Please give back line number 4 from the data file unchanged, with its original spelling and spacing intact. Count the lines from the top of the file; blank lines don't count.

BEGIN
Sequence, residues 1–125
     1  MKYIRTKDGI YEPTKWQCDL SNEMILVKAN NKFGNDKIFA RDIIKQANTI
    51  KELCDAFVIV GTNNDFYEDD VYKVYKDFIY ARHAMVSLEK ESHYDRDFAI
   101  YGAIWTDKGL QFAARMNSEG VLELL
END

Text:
   101  YGAIWTDKGL QFAARMNSEG VLELL